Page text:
Sajid Javid unexpectedly resigned as the UK Chancellor of the Exchequer on 13 January, after Prime Minister Boris Johnson ordered him to fire all of his advisers as part of an ongoing reshuffle of the Cabinet, following country’s departure from the European Union.
Former United Kingdom Chancellor of the Exchequer, Sajid Javid, claimed that he preferred to leave office rather than to fire his five special aides and submit to Dominic Cummings, who would take control of financial policy via a joint team of advisers, according to the Financial Times.
Colleagues of Javid believe that his departure is because he did not want to be Cummings’ “b*tch in the Cabinet”.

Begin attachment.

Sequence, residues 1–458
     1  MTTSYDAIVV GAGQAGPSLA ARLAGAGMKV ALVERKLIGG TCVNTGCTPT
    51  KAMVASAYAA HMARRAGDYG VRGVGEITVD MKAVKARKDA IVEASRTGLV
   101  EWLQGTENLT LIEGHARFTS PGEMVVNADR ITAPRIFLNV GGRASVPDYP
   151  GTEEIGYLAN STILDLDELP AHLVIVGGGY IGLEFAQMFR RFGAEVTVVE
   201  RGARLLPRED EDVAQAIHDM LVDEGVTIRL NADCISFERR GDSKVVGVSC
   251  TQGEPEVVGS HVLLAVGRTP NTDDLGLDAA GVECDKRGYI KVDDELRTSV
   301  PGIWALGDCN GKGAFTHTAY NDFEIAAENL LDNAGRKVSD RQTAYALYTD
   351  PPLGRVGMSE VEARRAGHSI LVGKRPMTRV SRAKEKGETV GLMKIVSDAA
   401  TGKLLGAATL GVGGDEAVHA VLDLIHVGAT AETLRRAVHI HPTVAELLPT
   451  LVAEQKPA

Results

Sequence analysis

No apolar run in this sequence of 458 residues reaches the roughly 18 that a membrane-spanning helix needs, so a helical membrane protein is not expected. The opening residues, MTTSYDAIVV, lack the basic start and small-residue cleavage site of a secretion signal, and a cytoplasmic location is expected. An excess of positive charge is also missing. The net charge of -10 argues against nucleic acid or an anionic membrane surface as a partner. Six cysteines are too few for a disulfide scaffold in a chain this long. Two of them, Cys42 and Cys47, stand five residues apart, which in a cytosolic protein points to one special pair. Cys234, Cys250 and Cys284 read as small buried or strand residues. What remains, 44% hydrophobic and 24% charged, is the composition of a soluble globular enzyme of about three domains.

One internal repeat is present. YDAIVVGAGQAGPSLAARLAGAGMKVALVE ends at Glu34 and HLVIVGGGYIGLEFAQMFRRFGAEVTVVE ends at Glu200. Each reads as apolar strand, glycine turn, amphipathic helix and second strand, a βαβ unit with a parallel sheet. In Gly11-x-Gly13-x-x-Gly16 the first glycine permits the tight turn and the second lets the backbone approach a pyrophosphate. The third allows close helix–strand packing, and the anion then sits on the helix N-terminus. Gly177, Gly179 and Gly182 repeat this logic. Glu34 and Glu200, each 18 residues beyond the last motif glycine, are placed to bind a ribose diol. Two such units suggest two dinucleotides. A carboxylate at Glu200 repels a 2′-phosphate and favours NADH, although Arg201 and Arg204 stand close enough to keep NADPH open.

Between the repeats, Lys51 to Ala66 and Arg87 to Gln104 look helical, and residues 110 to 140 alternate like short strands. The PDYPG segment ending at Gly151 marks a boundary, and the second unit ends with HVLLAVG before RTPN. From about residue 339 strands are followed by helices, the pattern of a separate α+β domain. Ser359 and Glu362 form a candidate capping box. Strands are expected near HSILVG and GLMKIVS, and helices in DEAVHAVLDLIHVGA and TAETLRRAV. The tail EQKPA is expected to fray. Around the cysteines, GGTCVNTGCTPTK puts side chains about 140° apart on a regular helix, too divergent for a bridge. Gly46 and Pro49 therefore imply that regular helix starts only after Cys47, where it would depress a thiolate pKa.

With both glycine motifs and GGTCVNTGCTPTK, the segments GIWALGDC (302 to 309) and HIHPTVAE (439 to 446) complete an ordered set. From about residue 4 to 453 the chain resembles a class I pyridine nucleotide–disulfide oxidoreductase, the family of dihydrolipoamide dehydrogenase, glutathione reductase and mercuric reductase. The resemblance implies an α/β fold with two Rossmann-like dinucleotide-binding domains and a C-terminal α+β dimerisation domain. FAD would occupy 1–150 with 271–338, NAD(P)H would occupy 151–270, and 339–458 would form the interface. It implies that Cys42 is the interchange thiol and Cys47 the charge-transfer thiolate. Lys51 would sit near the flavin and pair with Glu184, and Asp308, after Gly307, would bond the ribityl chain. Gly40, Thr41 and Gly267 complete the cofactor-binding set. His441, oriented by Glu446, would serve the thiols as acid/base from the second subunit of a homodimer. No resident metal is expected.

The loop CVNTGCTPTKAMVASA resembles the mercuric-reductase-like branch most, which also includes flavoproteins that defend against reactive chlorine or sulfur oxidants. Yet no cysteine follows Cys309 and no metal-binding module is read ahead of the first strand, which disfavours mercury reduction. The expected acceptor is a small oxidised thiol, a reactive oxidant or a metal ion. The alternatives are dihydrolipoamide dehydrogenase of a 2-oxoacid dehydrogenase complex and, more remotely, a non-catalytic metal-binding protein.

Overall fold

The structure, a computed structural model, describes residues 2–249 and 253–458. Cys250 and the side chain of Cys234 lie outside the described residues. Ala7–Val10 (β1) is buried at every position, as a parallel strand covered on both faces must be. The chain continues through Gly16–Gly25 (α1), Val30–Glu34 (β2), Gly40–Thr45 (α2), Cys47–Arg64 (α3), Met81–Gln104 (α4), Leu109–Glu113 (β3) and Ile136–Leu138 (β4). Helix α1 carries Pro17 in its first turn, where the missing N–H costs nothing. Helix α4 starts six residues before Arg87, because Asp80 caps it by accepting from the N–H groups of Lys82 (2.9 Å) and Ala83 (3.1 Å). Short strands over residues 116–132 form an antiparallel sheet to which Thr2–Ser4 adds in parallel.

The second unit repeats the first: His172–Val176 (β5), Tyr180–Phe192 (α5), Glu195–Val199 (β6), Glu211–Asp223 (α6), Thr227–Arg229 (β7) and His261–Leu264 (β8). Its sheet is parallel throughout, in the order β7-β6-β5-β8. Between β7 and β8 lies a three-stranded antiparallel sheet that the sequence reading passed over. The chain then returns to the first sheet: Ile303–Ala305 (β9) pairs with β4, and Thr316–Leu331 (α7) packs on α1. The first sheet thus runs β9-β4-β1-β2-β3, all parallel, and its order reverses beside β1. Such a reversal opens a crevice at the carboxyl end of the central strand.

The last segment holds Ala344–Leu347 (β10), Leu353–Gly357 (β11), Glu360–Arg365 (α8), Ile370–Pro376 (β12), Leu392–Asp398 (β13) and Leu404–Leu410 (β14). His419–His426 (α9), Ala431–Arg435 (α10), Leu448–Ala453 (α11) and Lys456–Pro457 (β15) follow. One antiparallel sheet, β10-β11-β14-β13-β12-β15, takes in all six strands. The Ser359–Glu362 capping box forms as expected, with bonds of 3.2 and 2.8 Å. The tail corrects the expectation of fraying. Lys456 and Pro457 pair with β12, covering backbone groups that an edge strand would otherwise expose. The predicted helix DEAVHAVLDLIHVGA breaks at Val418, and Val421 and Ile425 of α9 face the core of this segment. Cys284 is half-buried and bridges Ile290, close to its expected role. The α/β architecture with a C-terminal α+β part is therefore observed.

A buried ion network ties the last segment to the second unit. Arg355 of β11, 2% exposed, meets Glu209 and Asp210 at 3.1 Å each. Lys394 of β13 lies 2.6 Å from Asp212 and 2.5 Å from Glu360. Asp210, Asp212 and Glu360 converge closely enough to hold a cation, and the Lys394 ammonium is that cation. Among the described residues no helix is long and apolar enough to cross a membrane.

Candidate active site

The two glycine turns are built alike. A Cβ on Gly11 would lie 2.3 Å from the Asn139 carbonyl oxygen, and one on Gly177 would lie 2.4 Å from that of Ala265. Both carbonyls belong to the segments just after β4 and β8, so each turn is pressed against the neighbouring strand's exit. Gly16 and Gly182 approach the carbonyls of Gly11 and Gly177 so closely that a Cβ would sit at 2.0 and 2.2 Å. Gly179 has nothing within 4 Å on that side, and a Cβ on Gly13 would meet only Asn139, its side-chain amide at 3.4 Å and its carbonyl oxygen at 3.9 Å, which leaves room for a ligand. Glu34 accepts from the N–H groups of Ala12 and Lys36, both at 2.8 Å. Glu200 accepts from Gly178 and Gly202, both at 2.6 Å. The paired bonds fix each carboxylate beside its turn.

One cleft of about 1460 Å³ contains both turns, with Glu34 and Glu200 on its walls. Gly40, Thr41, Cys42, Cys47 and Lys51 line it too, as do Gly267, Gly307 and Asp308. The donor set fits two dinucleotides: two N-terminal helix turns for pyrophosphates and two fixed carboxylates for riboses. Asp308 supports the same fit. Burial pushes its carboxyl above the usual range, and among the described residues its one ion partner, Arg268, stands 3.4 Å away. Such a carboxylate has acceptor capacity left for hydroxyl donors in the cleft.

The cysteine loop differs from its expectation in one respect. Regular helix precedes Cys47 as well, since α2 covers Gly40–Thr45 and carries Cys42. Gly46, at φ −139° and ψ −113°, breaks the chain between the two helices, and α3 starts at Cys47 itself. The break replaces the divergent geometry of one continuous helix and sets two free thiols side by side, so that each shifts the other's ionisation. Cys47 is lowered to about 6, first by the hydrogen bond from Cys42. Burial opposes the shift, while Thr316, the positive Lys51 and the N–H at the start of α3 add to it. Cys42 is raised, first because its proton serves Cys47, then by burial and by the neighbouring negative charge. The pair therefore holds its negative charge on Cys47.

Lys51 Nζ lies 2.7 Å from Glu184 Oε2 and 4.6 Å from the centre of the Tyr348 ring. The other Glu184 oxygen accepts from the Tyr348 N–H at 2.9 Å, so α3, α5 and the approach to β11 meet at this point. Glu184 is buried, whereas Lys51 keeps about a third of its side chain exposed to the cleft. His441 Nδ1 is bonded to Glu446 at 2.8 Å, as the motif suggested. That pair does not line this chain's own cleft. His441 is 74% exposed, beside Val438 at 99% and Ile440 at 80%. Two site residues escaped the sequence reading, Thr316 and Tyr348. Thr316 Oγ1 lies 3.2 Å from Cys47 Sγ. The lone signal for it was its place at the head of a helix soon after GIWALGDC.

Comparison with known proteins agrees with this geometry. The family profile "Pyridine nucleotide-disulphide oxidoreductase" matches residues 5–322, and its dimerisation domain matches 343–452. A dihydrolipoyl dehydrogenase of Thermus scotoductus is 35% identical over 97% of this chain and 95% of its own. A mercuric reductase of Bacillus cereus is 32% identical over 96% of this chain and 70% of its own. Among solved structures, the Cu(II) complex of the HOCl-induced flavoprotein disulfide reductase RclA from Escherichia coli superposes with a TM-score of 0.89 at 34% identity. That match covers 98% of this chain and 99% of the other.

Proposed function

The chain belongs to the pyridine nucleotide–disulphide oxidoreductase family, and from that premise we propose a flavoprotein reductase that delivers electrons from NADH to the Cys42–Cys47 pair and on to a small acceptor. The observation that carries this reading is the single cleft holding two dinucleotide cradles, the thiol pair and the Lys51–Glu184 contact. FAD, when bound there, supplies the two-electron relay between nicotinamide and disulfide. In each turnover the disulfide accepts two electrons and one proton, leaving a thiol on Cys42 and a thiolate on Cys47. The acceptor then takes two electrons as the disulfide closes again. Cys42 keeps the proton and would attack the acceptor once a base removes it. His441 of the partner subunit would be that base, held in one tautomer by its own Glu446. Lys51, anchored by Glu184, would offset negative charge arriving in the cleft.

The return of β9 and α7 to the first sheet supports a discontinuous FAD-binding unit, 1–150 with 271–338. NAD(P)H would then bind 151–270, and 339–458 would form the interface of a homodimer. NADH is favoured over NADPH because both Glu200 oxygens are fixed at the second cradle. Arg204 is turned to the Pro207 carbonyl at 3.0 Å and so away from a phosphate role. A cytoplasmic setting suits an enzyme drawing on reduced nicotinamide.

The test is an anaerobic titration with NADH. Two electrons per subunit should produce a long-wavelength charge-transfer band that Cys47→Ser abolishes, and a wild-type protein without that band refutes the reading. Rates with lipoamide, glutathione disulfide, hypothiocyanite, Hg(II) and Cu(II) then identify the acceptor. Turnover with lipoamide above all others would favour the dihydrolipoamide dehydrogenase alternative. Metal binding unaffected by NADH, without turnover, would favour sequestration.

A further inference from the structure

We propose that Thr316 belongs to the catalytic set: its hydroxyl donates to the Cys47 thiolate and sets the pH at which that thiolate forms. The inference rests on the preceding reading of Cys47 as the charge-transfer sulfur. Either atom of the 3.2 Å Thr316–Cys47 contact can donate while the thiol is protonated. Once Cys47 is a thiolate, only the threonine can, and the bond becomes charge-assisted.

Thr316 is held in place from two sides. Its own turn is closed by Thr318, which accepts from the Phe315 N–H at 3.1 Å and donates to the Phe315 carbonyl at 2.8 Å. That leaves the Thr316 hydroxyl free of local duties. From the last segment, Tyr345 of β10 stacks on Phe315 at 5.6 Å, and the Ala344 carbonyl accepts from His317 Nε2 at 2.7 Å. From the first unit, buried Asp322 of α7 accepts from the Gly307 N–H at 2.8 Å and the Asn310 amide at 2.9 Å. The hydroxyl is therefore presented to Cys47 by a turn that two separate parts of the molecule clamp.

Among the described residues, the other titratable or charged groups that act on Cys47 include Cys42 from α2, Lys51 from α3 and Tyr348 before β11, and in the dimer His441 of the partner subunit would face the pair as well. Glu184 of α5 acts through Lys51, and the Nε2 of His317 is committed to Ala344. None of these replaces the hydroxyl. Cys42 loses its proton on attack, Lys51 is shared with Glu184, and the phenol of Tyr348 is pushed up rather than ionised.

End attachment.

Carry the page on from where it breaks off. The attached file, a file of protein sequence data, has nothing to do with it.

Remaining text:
Javid resigned from Number 11 following months of tension between the Chancellor and Cummings, Johnson’s special adviser. Javid is the first Chancellor to leave office before presenting a budget, since the father of Sir Winston Churchill, Lord Randolph Churchill, in 1886.
Javid’s colleagues look at his resignation as a warning to current ministers.
Javid could not accept Johnson’s conditions, allies claim, because the former was convinced that a “host of others would be coming his way in the future”.
Another ally reportedly said that “Sajid is really loyal to Boris, he really likes him”, arguing that “none of this would happen without the current set up in Number 10”.
Javid has been replaced by Rishi Sunak, now the former Chief Secretary to the Treasury.
Sunak, 39, has been the Conservative MP for Richmond in North Yorkshire since 2015, when he was selected for the seat in succession to former Foreign Secretary William Hague.